What is the treatment?
There is no vaccine or antiviral for these viruses, unfortunately. And as we all know antibiotics only treat bacterial infections, so they are useless against the Norovirus. So you are really just trying to treat/prevent the dehydration that can occur after the diarrhea and vomiting; fluids such as gatorade and coconut water will help to replace fluids and nutrients lost, but really any fluids that you can get in and keep down will help to prevent severe dehydration. If your mouth and tongue are really dry and you cannot make saliva, you feel dizzy when changing positions, you aren’t urinating (or it is very dark), you are clinically dehydrated.  When dehydrated, if you are unable to take in fluids, you should go to the Emergency Department for intravenous (IV) fluids. With children, they often will become restless, cry without tears, and have dry oral cavities; they need treatment with IV fluids if they refuse, or cannot keep down, fluids. The best assessment of dehydration status is to watch your pee (frequency, amount, and color- if it appears on the darker side, drink more).

How do I prevent this from happening?
Wash your hands FREQUENTLY!!
Eat food that is thoroughly cooked if you are eating out (or unsure of food quality)
Wash fruits and veggies before eating them
Wash areas that have become contaminated with hot soapy water or bleach
Immediately wash all clothes, bed linens, etc that have become in contact with vomit or stool of an infected person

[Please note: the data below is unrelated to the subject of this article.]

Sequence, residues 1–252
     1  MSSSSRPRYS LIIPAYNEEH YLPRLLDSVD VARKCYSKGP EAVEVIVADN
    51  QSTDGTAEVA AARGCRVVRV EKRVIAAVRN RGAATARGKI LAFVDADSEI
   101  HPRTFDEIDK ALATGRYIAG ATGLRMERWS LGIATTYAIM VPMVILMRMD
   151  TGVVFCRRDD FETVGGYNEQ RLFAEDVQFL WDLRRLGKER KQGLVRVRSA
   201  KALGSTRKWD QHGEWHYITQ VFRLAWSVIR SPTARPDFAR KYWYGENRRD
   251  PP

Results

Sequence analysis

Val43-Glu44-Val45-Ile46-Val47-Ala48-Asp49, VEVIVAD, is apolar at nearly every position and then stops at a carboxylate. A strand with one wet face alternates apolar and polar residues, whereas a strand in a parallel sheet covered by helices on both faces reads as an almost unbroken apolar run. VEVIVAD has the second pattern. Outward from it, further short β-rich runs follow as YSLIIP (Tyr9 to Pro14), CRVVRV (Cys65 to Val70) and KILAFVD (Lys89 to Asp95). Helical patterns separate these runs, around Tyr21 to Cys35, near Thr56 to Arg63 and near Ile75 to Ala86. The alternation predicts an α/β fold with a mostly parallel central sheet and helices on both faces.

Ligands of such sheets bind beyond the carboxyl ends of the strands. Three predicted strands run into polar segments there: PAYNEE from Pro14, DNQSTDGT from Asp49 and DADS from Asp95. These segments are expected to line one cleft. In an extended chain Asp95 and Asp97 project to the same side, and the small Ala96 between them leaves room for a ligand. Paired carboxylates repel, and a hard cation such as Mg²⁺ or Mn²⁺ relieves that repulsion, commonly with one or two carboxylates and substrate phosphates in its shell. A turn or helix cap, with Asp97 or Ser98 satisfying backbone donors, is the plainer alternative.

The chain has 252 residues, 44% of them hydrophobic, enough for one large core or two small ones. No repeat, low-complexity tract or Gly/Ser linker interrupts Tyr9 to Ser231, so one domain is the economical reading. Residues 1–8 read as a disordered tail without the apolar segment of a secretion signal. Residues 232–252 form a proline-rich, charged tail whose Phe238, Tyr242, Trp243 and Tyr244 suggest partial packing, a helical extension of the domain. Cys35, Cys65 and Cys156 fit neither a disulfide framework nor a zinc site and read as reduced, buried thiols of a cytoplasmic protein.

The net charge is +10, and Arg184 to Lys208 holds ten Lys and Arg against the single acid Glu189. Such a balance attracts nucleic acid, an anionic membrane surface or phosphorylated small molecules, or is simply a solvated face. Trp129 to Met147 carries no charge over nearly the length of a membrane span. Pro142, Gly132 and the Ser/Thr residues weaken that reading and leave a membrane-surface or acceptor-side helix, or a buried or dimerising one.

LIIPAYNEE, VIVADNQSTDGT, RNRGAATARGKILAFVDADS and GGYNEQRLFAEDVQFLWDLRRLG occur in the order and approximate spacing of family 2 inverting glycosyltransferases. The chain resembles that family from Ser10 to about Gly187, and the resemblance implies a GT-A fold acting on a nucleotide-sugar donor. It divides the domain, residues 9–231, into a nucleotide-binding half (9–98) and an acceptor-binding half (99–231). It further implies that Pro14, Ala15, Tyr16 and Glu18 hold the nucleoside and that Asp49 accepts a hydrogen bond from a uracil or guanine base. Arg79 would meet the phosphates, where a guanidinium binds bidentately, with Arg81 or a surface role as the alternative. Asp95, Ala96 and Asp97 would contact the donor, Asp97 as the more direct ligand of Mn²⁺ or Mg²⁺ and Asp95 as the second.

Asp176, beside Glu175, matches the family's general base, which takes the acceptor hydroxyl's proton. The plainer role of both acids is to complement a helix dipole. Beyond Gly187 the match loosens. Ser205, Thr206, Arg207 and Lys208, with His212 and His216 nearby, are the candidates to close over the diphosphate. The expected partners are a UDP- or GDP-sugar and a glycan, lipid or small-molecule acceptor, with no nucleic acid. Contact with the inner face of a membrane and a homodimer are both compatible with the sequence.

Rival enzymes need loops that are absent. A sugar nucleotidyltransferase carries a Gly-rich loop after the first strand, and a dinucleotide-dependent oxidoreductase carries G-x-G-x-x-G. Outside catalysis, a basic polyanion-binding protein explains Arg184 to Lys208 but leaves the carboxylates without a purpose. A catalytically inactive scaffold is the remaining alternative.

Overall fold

If you do get infected, avoid contact with others and preparing food until three days after symptoms are gone

Generally, the Norovirus is a nasty couple of days where you feel horrible (absolutely miserable), but it always ends and there are no long-term effects. But if you have chronic illnesses or other active diseases, it can be deadly because of the effects of dehydration and the electrolyte imbalances that can occur. In children, the elderly, and chronically ill, you need to make sure they are taking in fluids with nutrients (pedialyte, Gatorade, coconut water)and if they cannot, you need to seek medical assistance.  Even if you are vomiting, still try to push those fluids…even absorbing small amounts are better than nothing!

So wash your hands, cook that food, and steer clear of anyone with those symptoms and you will be Norovirus free this winter!

And now, if you’ll excuse me, I’m off to pour bleach all over my house.  Thanks, Nurse Bridgid!
**Originally posted on Nurse Bridgid on 12/28/2011.  Reprinted with permission.
Pin It
Print Friendly, PDF & Email
Signature
About Katie

Katie Hurley is a Child, Adolescent, and Family Psychotherapist and Parenting Expert in Los Angeles, CA. She works in private practice in the South Bay area of Los Angeles, writes for PBS Parents, Washington Post Parents, and the Huffington Post. She is the author of “The Happy Kid Handbook: How to Raise Joyful Children in a Stressful World” (Tarcher/Penguin, 2015) and the forthcoming “No More Mean Girls: The Secret to Raising Strong, Confident, and Compassionate Girls” (Penguin Random House, 2018)